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Due to the many parameters involved in the manufacture and composition of composite materials, their characteristic properties are difficult to analyze.

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Presentation on theme: "Due to the many parameters involved in the manufacture and composition of composite materials, their characteristic properties are difficult to analyze."— Presentation transcript:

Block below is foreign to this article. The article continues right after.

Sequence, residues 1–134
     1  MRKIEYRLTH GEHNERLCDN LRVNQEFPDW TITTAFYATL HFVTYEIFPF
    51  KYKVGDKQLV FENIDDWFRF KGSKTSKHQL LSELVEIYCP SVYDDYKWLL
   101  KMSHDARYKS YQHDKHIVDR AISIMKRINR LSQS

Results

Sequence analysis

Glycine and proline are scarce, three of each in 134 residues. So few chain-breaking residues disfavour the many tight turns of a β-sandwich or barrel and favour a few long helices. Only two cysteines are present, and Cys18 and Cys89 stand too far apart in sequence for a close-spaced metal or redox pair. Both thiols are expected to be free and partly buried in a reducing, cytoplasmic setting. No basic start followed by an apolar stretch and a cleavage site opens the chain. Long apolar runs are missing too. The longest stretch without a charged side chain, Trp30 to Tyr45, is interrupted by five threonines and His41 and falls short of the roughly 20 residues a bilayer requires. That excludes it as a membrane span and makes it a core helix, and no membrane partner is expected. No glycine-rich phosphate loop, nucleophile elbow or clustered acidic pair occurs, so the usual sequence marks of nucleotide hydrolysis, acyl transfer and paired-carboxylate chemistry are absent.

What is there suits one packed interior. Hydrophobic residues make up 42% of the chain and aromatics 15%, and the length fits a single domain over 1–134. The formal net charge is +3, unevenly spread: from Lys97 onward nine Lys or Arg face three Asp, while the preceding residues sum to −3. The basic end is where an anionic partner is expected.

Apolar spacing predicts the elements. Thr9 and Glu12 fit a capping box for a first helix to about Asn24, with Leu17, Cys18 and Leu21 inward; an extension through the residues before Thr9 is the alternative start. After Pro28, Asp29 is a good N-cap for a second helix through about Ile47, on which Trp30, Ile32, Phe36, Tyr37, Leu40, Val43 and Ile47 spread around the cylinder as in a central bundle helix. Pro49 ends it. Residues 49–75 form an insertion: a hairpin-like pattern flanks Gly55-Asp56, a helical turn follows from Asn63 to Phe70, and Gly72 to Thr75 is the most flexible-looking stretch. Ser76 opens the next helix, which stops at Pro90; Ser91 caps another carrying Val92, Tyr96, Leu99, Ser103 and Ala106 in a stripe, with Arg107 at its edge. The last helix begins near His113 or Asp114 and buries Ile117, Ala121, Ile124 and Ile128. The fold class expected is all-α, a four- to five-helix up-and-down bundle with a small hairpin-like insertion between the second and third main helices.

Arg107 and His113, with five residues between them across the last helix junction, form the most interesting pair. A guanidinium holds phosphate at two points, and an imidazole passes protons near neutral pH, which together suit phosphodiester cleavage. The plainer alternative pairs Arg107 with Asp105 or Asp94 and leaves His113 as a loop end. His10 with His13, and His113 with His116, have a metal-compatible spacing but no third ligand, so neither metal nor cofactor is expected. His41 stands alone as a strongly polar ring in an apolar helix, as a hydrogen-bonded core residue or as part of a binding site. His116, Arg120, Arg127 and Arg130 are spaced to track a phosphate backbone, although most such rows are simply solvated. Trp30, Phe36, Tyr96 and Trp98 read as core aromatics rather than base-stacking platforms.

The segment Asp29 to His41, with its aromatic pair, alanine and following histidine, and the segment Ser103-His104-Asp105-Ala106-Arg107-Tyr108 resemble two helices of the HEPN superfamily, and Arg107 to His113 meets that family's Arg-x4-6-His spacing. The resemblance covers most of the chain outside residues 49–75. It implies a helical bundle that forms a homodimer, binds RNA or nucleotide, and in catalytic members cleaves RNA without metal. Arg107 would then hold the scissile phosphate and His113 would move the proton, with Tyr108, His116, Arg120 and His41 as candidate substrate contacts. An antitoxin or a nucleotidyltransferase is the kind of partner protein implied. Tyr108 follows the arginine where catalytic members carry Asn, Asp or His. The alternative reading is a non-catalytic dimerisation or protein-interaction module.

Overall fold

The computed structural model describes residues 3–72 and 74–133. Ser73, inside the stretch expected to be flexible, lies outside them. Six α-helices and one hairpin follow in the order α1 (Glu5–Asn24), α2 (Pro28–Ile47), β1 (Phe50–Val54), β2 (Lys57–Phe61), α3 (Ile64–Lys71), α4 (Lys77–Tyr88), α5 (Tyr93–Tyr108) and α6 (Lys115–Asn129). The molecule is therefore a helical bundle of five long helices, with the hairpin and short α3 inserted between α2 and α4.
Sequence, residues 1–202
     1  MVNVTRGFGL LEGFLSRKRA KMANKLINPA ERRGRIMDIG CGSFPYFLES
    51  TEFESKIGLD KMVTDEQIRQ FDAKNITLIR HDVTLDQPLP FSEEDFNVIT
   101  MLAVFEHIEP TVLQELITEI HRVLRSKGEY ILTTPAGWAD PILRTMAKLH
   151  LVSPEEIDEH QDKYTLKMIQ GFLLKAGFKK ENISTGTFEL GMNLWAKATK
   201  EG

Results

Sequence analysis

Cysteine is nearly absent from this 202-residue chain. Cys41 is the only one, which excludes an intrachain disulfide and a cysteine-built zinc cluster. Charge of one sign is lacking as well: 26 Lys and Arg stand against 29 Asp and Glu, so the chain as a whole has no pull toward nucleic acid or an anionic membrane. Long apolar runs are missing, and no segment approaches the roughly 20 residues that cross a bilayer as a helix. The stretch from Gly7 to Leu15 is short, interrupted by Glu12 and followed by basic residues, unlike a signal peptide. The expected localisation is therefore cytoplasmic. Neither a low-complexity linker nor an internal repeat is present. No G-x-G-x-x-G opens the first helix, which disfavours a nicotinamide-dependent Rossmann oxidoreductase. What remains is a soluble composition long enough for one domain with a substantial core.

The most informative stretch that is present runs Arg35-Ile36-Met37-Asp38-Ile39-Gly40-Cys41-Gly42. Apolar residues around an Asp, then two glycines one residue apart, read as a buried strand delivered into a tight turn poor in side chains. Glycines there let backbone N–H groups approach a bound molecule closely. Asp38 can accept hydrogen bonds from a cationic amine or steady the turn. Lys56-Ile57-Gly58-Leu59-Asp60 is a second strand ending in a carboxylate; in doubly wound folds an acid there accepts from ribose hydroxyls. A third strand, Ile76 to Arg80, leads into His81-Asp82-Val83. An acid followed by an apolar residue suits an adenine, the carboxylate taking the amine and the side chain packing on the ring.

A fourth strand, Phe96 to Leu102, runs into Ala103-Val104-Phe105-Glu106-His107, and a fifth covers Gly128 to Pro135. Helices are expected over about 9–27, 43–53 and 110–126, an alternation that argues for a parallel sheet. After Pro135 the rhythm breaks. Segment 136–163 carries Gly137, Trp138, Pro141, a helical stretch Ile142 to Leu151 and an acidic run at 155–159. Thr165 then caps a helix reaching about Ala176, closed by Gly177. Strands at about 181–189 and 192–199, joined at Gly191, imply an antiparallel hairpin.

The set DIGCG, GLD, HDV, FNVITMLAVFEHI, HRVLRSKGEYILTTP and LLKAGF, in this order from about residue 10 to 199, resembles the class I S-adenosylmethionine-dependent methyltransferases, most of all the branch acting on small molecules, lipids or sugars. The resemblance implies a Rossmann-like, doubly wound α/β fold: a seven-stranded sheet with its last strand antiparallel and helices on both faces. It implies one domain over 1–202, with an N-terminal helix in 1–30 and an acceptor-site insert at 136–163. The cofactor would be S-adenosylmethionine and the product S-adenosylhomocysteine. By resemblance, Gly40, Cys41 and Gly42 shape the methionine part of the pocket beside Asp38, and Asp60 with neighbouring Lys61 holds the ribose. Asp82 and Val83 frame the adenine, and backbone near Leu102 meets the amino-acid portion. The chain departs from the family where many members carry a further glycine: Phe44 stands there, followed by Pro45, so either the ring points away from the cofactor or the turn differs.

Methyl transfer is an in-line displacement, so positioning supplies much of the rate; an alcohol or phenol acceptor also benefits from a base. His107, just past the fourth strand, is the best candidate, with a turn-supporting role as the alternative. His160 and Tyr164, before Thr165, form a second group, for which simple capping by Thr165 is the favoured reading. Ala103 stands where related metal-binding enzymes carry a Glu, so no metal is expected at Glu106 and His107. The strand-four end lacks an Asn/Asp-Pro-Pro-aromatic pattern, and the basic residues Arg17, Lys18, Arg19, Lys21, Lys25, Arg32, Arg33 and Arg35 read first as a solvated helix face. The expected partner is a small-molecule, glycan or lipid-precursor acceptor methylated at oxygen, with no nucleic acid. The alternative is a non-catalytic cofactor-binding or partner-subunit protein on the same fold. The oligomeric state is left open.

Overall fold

1 Due to the many parameters involved in the manufacture and composition of composite materials, their characteristic properties are difficult to analyze and extensive testing is required to obtain both qualitative and quantitative data. A standard testing methodology was developed to measure plastic deformation in fiber reinforced polymer composite plates under uniform static and dynamic loadings. Both static and dynamic loadings were produced using CCNYs large-scale high-resolution shock tube facility. The plastic deformations produced in static tests were measured using a laser micrometer with a custom-built sliding mechanism. A pressure transducer was used to measure the loadings that were then correlated with the displacement of the test plates. The plastic deformations produced in the dynamic tests were measured using time-resolved catadioptric stereo digital image correlation with a high speed camera and a simple mirror setup. Steel and aluminum plates were tested for use as a baseline comparison. The static load testing method resulted in consistent experimental data. These results altered slightly from plate theory due to a lack of zero-slope at the plate boundary. The dynamic load testing method also resulted in consistent data, but with a slight variations from the inherent symmetry of experimental setup. Abstract Introduction The large scale high resolution shock tube in the City College of New Yorks facility was used to produce both the static and dynamic loadings on the test plates. A pressure transducer installed a short distance from the end of the shock tube measured the pressure in the tube. A laser micrometer was used for all static loading test and some dynamic loading tests. For some static loading tests the laser micrometer was attached to a sliding mechanism with a built-in infrared position sensor to record the position of the laser micrometer as it moved across the diameter of the plate. The static loading was produced by connecting an air compression system to the shock tube. Pressure in the tube was measured on an analog pressure gage during the tests. The data from the pressure transducer, laser micrometer, and infrared sensor were all recorded by a single computer with custom data acquisition software. The dynamic loading tests were performed using a shock wave produced by the shock tube. Shockwaves were produced in the shock tube by sealing off the high pressure chamber at the end of the shock tube with an aluminum diaphragm designed to fail in a certain range of pressures. The high pressure chamber was then pressurized until the diaphragm failed, causing a shockwave to travel down the shock tube and into the test plate installed in the end cap. The deformation of the plate as a result of the dynamic loading from the shockwave was measured using time- resolved catadioptric stereo digital image correlation or TRC- SDIC, that allowed for measurement of both in-plane out-of- plane deformations. This method consists of a high-speed camera and a system of mirror to produce stereo images of the test plates for the camera to record. Methods Figure 3: These displacement results of the pressure cycling of a composite plate were produced by aiming the micrometer at the center of the plate. ResultsSummary The two methods of measuring the deformation of fiber reinforced polymer composite plates have proven to be very effective. The laser micrometer and sliding mechanism allow plastic deformation of the plates to be displayed easily in graphical format. The time resolved catadioptric stereo digital image correlation method is a robust method capable providing displacement data in X, Y, and Z directions, but X and Y direction could not be shown. It is hoped that these methods will be used in the experimental testing of fiber reinforced polymer composites with additives. References Jahnke, D. (2013). The Effect of Shockwave Impingement on Composite Plates with Nano Additives. New York, New York: City College of New York, Mechanical Engineering Dep. Student Profile Isaac Pinsky is a senior working on his degree in Mechanical Engineering at The City College of New York. Before he began his academic career at CCNY he completed two years in a Jewish seminary program at The Rabbinical College of America in Morristown, New Jersey. Once he gained a secure foundation in his Jewish heritage he focused on a career in mechanical engineering. After completing his bachelors degree, he plans to work in the power generation industry as a mechanical engineer. Isaac Pinsky chose to do research in materials science to further expand his knowledge and experience in different engineering fields. He began work with a group of graduate students under the mentorship of Prof. Delale to study the properties of fiberglass composites with additives. Isaac Pinsky has strong ties with the American Society of Mechanical Engineers Student Section at CCNY, and served as secretary and executive board member for the section during his junior year. Fiber reinforced polymer composite materials are rising in popularity in structural applications. Their combined properties of light weight and high strength, stiffness, and energy absorption make them ideal for use air and ground vehicles. The challenge that arises when designing these materials is to maximize certain properties, or to combine the materials in a way that produces a desired property for a specific application. The variables involved with this type of heterogeneous material include the type of polymer or matrix, the types of fibers, matrix-fiber interface, laminate interface, laminate orientation, and lay-up sequencing. The examination of these properties in response to static and dynamics loadings is needed to understand composite material performance in structural applications. Isaac Pinsky, Class of 2014, Mechanical EngineeringMentor: Feridun Delale, Chairman of M.E. Department Measurement Methodology of Deformation of Fiber Reinforced Polymer Composite Plates Under Uniform Static and Dynamic Loading Figure 1: The working end of the shock tube with the laser micrometer in place. The black markings on the plate are used for TRC-SDIC Acknowledgments I would like to thank Professor Feridun Delale for allowing me to participate in this research project, and graduate student Doug Jahnke for all he has taught me about experimental research in composite materials. Figure 2: The experimental setup for a dynamic loading test using TRC-SDIC Figure 4: Results of a pressure cycling recorded using the laser micrometer on its sliding mechanism. Figure 5: Results of a dynamic loading test on an aluminum plate recorded using TRC-SDIC (Interval of 0.13 ms) Figure 6: Results of a dynamic loading test on a composite plate recorded using TRC-SDIC (Interval of 0.13 ms) ? Phantom High speed camera Pressure transducer Triggering signal Shock wave Steel plate Shock tube W s Primary Mirror B Primary Mirror A Secondary mirror B Secondary mirror A